Why you’d probably welcome a UK trade deal with India

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indiaUK Business Secretary Sajid Javid has been over in India discussing what a post BREXIT trade relationship with the country could look like.

After China, India is the 2nd most populous country in the world. With more than 50 million online shoppers and internet population that is set to surpass half a billion by 2018 India is one of the most exciting countries in the world from an ecommerce growth perspective.

The EU don’t currently have a trade agreement with India, although they’ve been talking about it for almost a decade. Since 2007 there have always been too many barriers with both sides stalling on agreements ranging from motors to dairy produce, from agricultural subsidies to booze tariffs. Either way a deal has yet to be done.

For Tamebay readers, the main interest is the pure ecommerce side of trade with India. Online sales in India are expected to reach $29bn by 2017 and will continue to grow reaching a staggering $100bn by 2021.

There have been a number of barriers to entry in India, both the rules for marketplace investment affecting companies such as Flipkart and Amazon, and the rules for merchants which pretty much means that you need to partner with an Indian based merchant of record. The Indian merchant buys from you and then sells under their own company on the Indian marketplace which is tiresome to set up and more complicated to manage then simply listing and selling directly on an Indian site yourself.

It’s early days, but if the UK can negotiate a bit more freedom for sellers in the UK to sell on Indian marketplaces then a deal between the UK and India would be something many would welcome. India would also be happy – something like 30% of Indian exports come to the UK so we’re an important customer to them too.

9 Responses

  1. A fulfilment centre in India would be a big deal for UK sellers, because there is a huge middle class expanding market and the population is huge.

    India could easily become a critical part of your sales, access for small sellers is a very major and important deal that I think is overlooked.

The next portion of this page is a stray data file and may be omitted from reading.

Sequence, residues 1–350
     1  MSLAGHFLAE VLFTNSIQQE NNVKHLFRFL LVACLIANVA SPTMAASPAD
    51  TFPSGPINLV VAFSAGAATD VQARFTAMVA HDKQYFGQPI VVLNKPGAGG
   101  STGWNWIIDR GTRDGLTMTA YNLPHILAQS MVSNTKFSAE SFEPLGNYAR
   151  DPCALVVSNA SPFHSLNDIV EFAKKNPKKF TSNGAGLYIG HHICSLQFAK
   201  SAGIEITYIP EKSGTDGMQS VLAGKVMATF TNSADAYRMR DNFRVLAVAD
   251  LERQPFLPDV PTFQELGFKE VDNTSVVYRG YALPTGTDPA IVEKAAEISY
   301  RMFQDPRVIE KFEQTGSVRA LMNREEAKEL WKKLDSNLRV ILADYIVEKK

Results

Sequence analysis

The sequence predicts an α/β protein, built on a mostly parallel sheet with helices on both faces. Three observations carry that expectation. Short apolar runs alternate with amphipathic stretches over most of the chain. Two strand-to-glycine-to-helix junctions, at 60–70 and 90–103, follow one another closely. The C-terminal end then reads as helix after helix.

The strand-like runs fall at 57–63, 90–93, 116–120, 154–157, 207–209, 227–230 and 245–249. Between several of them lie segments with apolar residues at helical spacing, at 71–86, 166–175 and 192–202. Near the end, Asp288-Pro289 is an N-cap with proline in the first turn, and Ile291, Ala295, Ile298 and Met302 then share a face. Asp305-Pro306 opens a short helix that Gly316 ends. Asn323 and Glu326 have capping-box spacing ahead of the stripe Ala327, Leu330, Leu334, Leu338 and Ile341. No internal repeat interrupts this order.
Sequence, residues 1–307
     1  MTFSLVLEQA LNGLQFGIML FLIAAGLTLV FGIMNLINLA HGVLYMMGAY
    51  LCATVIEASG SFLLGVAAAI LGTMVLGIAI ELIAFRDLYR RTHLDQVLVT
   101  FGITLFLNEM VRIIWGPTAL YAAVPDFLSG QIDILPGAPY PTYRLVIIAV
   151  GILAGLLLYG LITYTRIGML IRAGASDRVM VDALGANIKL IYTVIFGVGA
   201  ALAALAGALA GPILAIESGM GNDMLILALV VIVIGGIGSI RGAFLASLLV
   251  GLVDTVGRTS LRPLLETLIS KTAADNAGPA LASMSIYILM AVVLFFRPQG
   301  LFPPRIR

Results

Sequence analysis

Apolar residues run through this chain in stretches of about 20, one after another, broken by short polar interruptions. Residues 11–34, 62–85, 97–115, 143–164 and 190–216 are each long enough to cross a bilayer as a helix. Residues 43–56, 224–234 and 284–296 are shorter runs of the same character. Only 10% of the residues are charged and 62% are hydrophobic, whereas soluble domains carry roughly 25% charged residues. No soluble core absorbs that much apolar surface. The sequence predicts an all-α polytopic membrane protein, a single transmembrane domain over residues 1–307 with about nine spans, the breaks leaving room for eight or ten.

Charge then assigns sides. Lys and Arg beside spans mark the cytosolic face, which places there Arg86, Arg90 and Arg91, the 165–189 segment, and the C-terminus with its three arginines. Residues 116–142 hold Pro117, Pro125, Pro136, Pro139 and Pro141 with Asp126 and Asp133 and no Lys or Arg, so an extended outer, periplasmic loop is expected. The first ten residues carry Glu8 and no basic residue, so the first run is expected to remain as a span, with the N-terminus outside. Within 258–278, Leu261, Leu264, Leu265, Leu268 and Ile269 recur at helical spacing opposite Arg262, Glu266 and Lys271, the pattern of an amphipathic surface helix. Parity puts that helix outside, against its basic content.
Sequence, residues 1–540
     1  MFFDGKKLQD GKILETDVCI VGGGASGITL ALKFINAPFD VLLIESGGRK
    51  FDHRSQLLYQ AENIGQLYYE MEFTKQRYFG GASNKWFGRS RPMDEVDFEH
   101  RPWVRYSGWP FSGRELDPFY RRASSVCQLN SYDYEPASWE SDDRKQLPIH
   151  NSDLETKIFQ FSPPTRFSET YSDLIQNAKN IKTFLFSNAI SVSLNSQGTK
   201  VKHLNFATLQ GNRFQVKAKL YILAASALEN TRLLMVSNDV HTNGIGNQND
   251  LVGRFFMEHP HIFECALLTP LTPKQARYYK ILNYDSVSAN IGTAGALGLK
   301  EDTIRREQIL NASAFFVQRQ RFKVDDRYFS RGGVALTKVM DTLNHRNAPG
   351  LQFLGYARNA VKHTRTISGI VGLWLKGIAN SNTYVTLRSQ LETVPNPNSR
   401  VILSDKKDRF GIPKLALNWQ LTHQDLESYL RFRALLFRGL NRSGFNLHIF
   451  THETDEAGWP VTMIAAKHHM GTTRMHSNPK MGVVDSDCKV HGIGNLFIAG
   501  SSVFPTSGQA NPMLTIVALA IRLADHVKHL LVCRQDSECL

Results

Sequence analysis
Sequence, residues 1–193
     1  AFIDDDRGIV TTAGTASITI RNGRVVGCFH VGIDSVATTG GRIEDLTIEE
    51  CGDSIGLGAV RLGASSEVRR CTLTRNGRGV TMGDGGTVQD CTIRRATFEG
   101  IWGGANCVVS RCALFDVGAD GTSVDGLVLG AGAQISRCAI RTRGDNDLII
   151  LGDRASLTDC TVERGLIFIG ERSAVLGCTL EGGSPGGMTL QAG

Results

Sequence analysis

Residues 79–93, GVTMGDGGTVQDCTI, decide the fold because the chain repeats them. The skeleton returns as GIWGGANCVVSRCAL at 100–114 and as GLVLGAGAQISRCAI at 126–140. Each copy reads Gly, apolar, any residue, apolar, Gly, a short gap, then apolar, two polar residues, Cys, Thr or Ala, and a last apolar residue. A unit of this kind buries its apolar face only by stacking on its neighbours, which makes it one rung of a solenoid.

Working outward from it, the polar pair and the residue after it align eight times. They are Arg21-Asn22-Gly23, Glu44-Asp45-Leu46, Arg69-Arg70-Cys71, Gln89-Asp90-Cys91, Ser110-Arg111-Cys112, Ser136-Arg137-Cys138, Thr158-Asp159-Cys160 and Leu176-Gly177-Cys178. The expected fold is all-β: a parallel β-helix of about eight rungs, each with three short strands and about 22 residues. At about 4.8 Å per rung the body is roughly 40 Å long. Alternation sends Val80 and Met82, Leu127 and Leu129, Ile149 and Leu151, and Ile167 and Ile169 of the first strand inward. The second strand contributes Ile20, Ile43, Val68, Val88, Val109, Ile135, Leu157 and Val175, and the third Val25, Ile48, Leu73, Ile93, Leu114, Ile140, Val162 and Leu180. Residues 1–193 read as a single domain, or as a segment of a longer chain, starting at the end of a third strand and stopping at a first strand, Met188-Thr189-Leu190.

2. There are some realities you need to be aware of when dealing with India. Firstly, the infrastructure is hopeless, so shipping, electricity, transportation, etc, means the cost of doing business is expensive and there are a multitude of things that can go wrong, some places are not even fully serviced by the post office or courier companies. Second the bureaucracy is impossible, you might wonder why very few Indians purchase from overseas despite a proficiency in English and a sizeable middle class, that’s because just to post a package there requires an airways bill and special invoices included with the package to avoid major customs delays and fees amounting to nearly the purchase price of the order, and that’s from a country which already has a free trade agreement (I won’t mention which one for my own privacy). Third, anything from the first world would be astronomically expensive compared to local products with practically no brand penetration, not to mention not at all adapted to local use. Fourth, unless you have an intimate understanding of India, it’s business environment and it’s culture, you’re extremely poorly equipped to do business there, especially if you can’t compete on price. Fifth, other countries have spend literally decades negotiating a trade deal with India, and even once signed will take years to come into full effect, so unless you don’t mind waiting ten or fifteen years you’re out of luck. Sixth, even if you wait for a free trade agreement with India (which may not even happen, remember, India is still rather sore about 89 years of colonial rule), it will almost certainly be on less favourable terms that the EU’s eventual trade agreement. The same can be said for China and other key markets.